Just four daysseparate Yom Kippur from Sukkot, and yet these festivals occupy completely different emotional and spiritual zones. The former is somber, ascetic and still. Many of us spend hours in the sanctuary, reading, singing, and periodically falling down in submission. We don’t “do” anything on Yom Kippur—the day is one when we abstain from “doing,” the better to examine our deeds. On Sukkot, we are a blur of action—out shopping for a beautiful lulav and etrog. We schlep, we hoist, we hammer and we tie. And when the holiday finally begins, we keep active—waiving our funny fruits, dancing in circles and sitting anywhere but in the house. Yom Kippur is a day for hunger and tears. Sukkot is a time for fruit, wine and joy. Could you ask for two holidays which have more contrast?
And yet, the holidays are linked. On Sukkot we act like prisoners freshly released by the parole board—eager to prove our virtue, to be on our best behavior after standing accused of horrid crimes. Our celebration reflects our survival and our desire for life—on Yom Kippur we turned from evil, and on Sukkot we do good. The two holidays are paired well together. One sets up for the other. The joy of Sukkot would never be as powerful without the trepidation of Yom Kippur.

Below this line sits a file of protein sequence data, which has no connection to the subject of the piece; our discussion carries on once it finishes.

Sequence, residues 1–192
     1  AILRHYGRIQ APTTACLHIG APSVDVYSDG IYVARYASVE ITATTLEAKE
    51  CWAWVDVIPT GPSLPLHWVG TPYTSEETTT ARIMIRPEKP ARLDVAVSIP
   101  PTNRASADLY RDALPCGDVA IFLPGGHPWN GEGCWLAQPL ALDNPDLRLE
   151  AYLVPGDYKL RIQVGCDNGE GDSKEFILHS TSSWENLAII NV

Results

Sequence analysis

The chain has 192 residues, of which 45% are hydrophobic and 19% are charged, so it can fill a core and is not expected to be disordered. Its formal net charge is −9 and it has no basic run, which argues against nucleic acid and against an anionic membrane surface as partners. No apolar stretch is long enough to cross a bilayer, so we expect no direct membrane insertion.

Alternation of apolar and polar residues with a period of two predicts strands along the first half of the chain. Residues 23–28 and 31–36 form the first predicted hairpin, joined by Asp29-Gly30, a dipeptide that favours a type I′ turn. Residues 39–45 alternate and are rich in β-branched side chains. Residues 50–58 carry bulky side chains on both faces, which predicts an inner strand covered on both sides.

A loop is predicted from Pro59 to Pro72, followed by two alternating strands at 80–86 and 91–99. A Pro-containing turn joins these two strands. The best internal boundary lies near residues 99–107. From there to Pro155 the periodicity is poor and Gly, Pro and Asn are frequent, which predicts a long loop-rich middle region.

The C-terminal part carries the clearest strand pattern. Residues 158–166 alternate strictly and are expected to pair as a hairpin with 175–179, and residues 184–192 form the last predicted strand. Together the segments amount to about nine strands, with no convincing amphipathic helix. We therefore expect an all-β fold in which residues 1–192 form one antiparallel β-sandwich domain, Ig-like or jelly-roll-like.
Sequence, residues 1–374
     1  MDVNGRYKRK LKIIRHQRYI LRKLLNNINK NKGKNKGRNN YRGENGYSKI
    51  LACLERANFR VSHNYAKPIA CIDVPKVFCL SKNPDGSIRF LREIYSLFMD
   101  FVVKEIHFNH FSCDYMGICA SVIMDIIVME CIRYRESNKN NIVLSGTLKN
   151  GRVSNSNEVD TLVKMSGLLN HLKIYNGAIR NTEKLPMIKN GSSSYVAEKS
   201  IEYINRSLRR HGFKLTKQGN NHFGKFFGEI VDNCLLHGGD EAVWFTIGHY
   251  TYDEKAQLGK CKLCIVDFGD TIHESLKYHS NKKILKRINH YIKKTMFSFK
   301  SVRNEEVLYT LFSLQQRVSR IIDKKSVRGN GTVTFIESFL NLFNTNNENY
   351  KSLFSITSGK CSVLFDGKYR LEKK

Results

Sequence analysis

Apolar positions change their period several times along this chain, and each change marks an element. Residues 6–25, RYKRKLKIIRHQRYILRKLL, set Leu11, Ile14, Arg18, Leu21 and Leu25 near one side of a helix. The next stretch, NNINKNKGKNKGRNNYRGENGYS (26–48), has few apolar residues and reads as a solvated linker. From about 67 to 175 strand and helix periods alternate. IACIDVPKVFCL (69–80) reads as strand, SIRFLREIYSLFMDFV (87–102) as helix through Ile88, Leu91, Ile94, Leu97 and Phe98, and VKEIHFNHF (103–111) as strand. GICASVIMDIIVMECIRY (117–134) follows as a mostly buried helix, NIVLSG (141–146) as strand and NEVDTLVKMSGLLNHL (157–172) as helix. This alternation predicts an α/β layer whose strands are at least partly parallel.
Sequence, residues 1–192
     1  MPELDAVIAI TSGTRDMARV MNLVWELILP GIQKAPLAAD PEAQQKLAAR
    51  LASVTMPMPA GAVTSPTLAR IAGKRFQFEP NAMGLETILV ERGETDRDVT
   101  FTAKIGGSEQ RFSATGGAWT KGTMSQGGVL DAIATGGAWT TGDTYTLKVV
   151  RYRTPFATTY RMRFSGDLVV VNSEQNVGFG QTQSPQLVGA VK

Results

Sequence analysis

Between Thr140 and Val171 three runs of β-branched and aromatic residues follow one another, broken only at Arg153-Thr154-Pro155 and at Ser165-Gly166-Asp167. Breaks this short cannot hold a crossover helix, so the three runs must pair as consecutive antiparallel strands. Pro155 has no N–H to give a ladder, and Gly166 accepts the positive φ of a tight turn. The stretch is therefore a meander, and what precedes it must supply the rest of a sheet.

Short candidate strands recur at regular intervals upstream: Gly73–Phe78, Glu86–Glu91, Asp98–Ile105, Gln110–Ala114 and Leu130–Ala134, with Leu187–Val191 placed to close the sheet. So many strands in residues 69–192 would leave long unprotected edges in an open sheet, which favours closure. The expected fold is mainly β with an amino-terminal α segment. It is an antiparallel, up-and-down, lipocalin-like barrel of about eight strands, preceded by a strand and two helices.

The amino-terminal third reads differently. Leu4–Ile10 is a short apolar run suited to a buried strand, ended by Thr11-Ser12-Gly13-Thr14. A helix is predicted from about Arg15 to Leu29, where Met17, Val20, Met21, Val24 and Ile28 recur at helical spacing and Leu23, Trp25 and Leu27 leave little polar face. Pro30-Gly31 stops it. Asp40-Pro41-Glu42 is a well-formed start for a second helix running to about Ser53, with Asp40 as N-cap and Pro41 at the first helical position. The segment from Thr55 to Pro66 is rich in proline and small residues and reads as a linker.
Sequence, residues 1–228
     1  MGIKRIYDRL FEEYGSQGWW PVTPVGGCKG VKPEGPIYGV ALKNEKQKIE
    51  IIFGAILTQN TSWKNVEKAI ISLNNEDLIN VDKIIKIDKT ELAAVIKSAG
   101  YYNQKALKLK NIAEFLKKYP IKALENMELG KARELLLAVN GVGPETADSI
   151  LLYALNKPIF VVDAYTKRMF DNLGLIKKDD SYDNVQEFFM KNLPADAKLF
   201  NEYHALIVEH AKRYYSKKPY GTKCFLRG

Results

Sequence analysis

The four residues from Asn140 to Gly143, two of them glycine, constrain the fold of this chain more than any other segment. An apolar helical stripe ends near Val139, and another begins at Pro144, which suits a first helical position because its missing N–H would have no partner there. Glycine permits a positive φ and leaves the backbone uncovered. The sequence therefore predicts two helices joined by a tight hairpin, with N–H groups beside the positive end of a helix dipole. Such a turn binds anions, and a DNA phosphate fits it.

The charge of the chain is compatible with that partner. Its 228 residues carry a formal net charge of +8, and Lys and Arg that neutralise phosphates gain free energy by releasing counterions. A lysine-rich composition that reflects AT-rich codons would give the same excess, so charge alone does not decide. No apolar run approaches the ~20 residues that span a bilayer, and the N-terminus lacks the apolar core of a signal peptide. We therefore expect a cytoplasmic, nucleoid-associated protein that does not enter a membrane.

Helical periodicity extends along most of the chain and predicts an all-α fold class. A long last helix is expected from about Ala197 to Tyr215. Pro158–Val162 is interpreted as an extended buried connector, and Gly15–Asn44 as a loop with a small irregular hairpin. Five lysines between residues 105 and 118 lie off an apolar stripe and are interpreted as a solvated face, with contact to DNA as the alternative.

Yom Kippur was a time for sober reflection about spiritual failures and about gaining the strength to live better, truer, purer lives. On Sukkot we rejoice, but our rejoicing is its own spiritual challenge. Rejoicing can lead to spiritual breakthroughs, but it can also endanger the carefully constructed sense of holiness that we achieved on Yom Kippur. Thus, this is not a time just to party, but it is one to think about the true nature of joy and the ability to rejoice in our fragile “huts”, as our ancestors did. That way we can infuse the New Year with holy happiness. I hope that your sukkot are filled with joy, delicious food and friendship, and I look forward to dwelling in our sukkah at CSI with you throughout this coming week.
Shabbat Shalom and Chag Sameach!
Rabbi Jeffrey Abraham